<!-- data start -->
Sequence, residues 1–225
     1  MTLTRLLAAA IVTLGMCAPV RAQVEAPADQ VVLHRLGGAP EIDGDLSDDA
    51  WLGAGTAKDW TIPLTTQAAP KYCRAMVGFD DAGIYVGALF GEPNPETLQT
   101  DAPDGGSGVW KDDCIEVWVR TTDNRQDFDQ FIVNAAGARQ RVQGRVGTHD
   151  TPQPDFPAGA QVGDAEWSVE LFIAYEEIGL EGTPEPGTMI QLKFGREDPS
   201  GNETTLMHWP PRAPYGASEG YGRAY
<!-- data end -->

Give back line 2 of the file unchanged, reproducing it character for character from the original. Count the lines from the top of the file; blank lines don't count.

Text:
     1  MTLTRLLAAA IVTLGMCAPV RAQVEAPADQ VVLHRLGGAP EIDGDLSDDA